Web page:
Patients sometimes worry about claustrophobia in the scanners. CT scanners are well tolerated as the scanner does not have a long tunnel. However, an MRI of your shoulder or neck does involve “going into the tunnel” which some patients find difficult. For your foot or ankle MRI you will not “go right in” and so claustrophobia is not a problem. Lying still for the duration of the scan, and the noise, are points to be aware of. The scanning team will ask you to complete a safety check before the scan. A pacemaker is one common reason for not being able to have an MRI. In some instances you will have dye injected to make the scan even more sensitive and some patients need a routine blood check prior to this, just to make sure the dye is safe for your kidneys.


Ultrasound is a particularly useful way of diagnosing tendon, ligament and nerve disorders. An ultrasound can be made as the foot moves – like a video. Other scans produce still pictures only.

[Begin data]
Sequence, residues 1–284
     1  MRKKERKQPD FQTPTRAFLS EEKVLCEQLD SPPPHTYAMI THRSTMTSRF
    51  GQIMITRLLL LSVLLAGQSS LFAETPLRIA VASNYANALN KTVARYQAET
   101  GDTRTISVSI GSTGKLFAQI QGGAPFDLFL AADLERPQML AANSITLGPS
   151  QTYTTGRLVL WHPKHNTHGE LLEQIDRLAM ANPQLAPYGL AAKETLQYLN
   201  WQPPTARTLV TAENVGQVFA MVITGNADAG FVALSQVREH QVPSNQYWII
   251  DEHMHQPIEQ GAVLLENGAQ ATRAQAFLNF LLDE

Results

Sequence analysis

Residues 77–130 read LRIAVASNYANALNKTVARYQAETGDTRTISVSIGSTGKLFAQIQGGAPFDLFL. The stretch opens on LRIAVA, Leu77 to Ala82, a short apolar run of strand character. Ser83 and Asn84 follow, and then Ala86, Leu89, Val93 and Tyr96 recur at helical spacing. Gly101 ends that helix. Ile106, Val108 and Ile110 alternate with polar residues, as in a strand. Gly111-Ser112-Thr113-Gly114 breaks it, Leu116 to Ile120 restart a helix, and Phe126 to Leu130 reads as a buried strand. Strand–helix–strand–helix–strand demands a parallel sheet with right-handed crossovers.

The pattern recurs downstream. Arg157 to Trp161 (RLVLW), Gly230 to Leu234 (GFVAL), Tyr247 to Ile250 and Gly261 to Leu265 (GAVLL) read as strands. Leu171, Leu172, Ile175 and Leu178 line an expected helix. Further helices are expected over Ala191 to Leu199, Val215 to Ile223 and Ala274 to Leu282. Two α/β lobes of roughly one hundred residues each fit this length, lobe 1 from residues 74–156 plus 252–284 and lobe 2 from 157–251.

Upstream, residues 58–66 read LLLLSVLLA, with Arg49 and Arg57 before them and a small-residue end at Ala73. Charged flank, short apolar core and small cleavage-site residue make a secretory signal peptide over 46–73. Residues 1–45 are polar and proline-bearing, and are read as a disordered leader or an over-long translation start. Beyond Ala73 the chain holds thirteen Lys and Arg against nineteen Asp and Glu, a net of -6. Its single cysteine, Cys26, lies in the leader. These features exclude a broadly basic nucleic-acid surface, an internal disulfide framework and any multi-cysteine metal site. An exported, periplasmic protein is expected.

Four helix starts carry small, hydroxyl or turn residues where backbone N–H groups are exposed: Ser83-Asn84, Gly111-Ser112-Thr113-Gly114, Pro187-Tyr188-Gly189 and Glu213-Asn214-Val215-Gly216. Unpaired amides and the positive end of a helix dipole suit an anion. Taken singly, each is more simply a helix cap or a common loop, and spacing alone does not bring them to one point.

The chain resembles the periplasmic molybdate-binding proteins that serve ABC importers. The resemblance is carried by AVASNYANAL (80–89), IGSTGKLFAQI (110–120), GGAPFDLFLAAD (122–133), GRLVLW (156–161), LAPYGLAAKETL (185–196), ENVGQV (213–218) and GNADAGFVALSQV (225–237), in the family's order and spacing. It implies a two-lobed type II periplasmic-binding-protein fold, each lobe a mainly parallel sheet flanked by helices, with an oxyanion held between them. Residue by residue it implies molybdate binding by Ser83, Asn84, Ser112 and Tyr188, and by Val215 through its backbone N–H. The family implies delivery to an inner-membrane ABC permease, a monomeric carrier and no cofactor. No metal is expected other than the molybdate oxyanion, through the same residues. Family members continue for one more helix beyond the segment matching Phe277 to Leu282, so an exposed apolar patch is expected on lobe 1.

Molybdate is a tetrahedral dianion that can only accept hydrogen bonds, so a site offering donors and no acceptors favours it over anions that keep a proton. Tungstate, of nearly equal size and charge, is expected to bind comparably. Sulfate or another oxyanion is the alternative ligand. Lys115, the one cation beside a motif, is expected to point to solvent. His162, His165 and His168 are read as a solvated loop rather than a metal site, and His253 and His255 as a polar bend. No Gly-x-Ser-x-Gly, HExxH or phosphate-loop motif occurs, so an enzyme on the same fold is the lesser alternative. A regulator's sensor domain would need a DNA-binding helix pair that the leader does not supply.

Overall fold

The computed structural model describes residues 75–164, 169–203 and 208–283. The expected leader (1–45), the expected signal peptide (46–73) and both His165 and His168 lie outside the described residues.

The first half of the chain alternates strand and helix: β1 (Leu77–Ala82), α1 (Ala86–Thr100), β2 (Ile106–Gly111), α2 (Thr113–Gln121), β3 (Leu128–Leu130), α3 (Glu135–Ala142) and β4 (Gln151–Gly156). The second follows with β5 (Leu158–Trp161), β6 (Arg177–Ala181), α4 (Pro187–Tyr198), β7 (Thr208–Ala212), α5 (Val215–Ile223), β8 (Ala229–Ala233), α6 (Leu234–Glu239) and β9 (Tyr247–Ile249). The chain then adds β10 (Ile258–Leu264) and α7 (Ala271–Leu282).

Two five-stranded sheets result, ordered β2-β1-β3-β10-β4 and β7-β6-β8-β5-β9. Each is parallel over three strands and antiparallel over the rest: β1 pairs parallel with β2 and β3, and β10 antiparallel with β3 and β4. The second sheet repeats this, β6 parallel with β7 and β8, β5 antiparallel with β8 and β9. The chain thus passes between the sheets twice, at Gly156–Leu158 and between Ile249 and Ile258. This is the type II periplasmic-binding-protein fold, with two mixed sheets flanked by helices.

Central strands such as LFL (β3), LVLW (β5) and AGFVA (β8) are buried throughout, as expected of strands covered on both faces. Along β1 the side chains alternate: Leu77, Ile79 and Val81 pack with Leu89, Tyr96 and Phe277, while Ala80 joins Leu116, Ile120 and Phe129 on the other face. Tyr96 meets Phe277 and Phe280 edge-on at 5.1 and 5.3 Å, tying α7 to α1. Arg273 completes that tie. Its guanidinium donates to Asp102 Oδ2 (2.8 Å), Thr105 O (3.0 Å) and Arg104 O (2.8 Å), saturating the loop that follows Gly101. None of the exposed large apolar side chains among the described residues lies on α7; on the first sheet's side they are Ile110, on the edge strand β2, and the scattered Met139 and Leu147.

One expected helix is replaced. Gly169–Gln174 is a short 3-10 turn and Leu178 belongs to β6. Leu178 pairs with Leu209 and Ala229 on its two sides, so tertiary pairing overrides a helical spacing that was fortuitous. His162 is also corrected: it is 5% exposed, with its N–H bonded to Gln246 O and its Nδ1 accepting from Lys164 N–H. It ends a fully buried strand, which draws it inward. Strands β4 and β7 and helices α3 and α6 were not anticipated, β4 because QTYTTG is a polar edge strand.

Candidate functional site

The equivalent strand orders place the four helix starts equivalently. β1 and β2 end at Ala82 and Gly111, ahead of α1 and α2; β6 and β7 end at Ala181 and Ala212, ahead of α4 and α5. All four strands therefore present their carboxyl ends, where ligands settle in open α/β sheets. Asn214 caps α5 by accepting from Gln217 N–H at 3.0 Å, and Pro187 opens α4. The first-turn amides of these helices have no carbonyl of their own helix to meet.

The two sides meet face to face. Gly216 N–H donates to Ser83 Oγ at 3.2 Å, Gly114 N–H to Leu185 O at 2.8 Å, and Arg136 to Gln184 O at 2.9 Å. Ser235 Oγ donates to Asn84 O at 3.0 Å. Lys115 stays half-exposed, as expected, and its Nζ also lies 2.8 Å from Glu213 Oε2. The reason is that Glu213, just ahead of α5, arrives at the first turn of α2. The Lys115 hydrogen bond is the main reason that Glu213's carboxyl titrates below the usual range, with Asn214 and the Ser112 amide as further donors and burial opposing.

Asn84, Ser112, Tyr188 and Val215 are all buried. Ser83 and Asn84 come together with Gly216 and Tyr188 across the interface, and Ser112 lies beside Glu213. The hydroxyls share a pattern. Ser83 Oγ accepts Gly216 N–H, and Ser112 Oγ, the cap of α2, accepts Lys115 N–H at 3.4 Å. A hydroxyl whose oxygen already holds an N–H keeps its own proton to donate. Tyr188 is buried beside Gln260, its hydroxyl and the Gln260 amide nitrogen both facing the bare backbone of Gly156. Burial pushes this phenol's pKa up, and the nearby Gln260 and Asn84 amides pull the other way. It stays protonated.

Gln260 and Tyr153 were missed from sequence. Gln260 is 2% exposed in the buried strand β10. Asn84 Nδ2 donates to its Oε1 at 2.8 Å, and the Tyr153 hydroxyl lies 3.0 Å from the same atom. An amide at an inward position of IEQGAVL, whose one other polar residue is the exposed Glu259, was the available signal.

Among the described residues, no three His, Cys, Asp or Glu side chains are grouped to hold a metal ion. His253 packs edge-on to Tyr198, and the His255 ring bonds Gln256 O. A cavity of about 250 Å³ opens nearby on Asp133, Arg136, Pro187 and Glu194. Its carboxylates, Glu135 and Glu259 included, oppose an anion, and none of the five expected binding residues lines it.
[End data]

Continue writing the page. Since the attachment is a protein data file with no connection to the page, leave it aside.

Ultrasound guided injections may be recommended at the time of the scan. With the ultrasound guidance, the injection can be very reliably sited at the correct spot.


This is a detailed set of X-rays which are turned into three-dimensional images by the computer. A CT scan is very good at showng bones, but gives less information about tendons and ligaments.


This scan does not use X-rays. It is especially good for looking at the tendons and ligaments in the foot and ankle. Sadly an MRI scan of the ankle does not include toes, and an MRI of the foot does not show the ankle or heel. Occasionally, therefore, two scans may be needed.

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